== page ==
Prime Minister Ariel Sharon has renewed contact with senior
Palestinian leaders, an indication that the two sides might return
to negotiations after months of letting guns and bombs do their
The meetings, involving Mr. Sharon himself, follow efforts by the
Palestinian Authority (PA) to reposition itself by trying to rein in
militants, establish a ceasefire, and convey an interest in peace.
"Armed struggle does not benefit us," says Palestinian Interior
Minister Hani al-Hassan, a key figure in the new talks. "We would
like to coexist with Israel. We are ready to start a new era."
The rhetoric of detente is being driven by internal political
pressures on both sides and a desire to prepare for the US war with
Iraq, when many feel a new era will be foisted upon them.
"The region is going to be in profound trauma once the war
begins," says Yossi Alpher, former head of the Jaffee Center for
Strategic Studies in Tel Aviv. "Until it's over, everything is
conceivable and nothing is inevitable."
The threat of war casts a long shadow, particularly for the
Palestinian Authority (PA), which has been undermined by systematic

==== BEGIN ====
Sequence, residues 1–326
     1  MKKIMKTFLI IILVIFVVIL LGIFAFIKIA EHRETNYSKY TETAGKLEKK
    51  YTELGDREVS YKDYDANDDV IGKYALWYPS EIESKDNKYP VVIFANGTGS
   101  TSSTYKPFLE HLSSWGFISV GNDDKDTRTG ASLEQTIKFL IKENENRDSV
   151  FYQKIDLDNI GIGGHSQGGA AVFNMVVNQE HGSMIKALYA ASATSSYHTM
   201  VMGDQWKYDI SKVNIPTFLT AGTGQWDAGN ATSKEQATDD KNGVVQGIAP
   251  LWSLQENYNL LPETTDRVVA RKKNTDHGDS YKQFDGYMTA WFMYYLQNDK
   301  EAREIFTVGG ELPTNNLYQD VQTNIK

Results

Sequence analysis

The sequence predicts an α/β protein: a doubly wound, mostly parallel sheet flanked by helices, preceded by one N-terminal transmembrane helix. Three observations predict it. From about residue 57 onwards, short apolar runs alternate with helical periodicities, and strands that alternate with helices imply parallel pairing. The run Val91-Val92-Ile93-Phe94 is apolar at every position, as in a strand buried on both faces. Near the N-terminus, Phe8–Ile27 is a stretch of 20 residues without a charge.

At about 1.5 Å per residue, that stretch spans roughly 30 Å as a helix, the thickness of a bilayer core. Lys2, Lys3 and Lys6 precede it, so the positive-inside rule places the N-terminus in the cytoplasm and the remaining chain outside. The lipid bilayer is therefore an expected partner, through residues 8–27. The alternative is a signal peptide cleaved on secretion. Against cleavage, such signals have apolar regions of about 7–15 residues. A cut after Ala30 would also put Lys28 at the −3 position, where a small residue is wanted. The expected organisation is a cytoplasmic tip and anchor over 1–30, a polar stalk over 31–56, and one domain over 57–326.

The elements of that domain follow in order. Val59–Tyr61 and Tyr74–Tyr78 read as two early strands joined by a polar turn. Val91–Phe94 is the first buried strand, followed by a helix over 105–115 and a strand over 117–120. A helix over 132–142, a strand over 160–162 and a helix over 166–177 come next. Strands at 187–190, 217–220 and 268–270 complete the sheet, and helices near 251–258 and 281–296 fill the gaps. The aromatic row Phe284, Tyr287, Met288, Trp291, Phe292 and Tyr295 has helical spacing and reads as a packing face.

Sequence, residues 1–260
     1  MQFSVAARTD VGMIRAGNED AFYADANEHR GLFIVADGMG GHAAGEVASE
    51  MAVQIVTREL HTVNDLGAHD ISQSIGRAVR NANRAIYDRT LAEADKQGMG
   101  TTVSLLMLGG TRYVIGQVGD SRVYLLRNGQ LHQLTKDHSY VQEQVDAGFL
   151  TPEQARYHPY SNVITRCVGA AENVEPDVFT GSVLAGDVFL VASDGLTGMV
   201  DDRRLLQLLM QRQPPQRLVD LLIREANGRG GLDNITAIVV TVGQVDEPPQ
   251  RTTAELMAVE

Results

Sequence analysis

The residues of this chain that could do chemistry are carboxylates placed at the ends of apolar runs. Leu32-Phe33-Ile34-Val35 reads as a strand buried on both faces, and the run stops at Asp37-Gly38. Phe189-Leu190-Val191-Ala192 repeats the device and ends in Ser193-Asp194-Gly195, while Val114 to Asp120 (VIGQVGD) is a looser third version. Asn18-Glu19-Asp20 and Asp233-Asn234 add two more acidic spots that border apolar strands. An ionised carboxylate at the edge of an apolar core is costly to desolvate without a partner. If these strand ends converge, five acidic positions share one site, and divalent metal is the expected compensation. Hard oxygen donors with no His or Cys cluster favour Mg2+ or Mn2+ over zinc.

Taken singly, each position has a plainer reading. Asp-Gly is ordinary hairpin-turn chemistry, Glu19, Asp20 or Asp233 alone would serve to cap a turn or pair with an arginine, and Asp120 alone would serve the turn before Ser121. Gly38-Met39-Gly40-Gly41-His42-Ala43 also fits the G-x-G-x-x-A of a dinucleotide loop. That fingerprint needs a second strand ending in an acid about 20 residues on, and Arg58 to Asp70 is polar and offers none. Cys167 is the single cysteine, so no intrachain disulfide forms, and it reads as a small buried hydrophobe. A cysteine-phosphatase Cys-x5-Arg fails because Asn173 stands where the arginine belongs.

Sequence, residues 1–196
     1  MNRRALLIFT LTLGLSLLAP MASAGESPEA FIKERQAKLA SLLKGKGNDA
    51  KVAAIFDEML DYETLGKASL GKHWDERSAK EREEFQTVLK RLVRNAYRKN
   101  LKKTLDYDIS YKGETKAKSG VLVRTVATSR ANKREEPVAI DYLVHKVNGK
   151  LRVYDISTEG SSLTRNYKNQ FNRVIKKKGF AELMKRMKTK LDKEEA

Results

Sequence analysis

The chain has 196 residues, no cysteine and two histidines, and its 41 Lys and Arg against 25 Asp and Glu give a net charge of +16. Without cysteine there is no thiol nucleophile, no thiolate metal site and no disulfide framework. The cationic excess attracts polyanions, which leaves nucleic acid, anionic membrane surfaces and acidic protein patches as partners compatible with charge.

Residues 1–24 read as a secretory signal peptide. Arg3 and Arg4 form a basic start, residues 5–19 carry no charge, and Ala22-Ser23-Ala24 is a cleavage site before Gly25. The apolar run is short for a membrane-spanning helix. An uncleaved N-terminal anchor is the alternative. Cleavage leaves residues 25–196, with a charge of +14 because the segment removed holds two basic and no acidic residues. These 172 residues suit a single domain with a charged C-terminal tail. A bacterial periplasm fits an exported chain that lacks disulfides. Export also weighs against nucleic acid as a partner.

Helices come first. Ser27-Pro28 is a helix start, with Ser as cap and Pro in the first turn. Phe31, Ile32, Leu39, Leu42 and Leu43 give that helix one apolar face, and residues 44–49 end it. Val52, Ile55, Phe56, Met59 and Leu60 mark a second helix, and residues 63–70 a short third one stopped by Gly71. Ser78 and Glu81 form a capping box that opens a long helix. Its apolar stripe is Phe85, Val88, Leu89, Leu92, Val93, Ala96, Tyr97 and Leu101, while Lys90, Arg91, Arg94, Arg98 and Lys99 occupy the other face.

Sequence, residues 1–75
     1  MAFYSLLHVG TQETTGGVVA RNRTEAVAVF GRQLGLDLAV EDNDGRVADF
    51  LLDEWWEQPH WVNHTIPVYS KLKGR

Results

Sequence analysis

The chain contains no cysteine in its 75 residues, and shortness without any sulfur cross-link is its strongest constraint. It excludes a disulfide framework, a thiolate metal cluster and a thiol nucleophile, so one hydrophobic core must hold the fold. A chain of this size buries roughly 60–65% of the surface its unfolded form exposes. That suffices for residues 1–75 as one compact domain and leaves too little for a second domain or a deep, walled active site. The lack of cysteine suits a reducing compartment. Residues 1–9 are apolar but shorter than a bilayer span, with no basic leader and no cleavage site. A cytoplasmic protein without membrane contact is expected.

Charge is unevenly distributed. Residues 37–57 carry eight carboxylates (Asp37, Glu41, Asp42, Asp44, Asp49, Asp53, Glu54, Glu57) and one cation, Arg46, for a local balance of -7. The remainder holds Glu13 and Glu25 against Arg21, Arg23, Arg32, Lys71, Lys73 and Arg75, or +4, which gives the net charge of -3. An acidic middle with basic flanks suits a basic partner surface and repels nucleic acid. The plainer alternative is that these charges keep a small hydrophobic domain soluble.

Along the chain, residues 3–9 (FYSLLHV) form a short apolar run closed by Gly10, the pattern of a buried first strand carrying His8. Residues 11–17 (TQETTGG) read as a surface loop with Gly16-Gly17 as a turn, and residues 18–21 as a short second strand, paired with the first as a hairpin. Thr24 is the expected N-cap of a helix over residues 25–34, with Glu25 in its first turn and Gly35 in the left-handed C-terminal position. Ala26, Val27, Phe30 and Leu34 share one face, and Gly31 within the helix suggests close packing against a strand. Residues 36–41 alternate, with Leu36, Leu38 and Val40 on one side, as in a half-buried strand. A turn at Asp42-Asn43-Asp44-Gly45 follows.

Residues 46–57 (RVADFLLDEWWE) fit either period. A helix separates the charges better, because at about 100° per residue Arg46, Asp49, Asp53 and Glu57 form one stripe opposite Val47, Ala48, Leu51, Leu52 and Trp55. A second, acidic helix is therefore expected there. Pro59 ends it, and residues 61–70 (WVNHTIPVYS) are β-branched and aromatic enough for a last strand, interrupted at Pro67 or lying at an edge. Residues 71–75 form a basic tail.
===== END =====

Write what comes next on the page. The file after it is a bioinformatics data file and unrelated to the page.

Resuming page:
Israeli strikes against its physical, financial, and human
Palestinians fear that Israel will strike hard during the war,
when world attention is elsewhere. "We are really worried about it,"
says Mr. Hassan, speaking in his office beside the Ramallah compound
that once housed the PA's headquarters. Israeli army sieges have
left the compound a wasteland of twisted metal rods and rubble.
That anxiety, coupled with shock at the crushing election defeat
of Israel's political left, is pushing the PA to engage with Sharon.
It is also conducting talks in Cairo to establish a cease-fire among
all Palestinian factions.
The PA's intent is to signal to Israel and the US its seriousness
about peace discussions as well as reassert its legitimacy. Its
leadership is being challenged by the militant group Hamas.
The PA and its main Fatah faction are also facing challenges from
other groups, including the Al-Aqsa Martyrs Brigades, the military
wing of Fatah. In an indication of how splintered the Palestinian
movement has become, the Al-Aqsa Brigades in Nablus recently
threatened Interior Minister Hassan, a Fatah member, for his
condemnation of a suicide bombing by the group.
Hassan said the bombing was meant to derail the Cairo ceasefire
talks. In posters that appeared throughout Nablus after his
comments, the Al-Aqsa Brigades criticized Hassan's "contempt" and
said their operations could "also reach [Hassan]."
"Hamas and other rejectionist groups pose a tremendous threat to
the PA," says a foreign diplomat. "They are looking to undermine the
PA, Arafat, and Oslo and they way they do that is looking to
embarrass Arafat whenever they can, so that the Israelis bring him
Prime Minister Sharon is also factoring in domestic politics as
he engages with the Palestinians. In the aftermath of his election
victory, he is still trying to put together a coalition that
includes the Labor Party.
Labor's leader, Amram Mitzna, has been adamant that this not take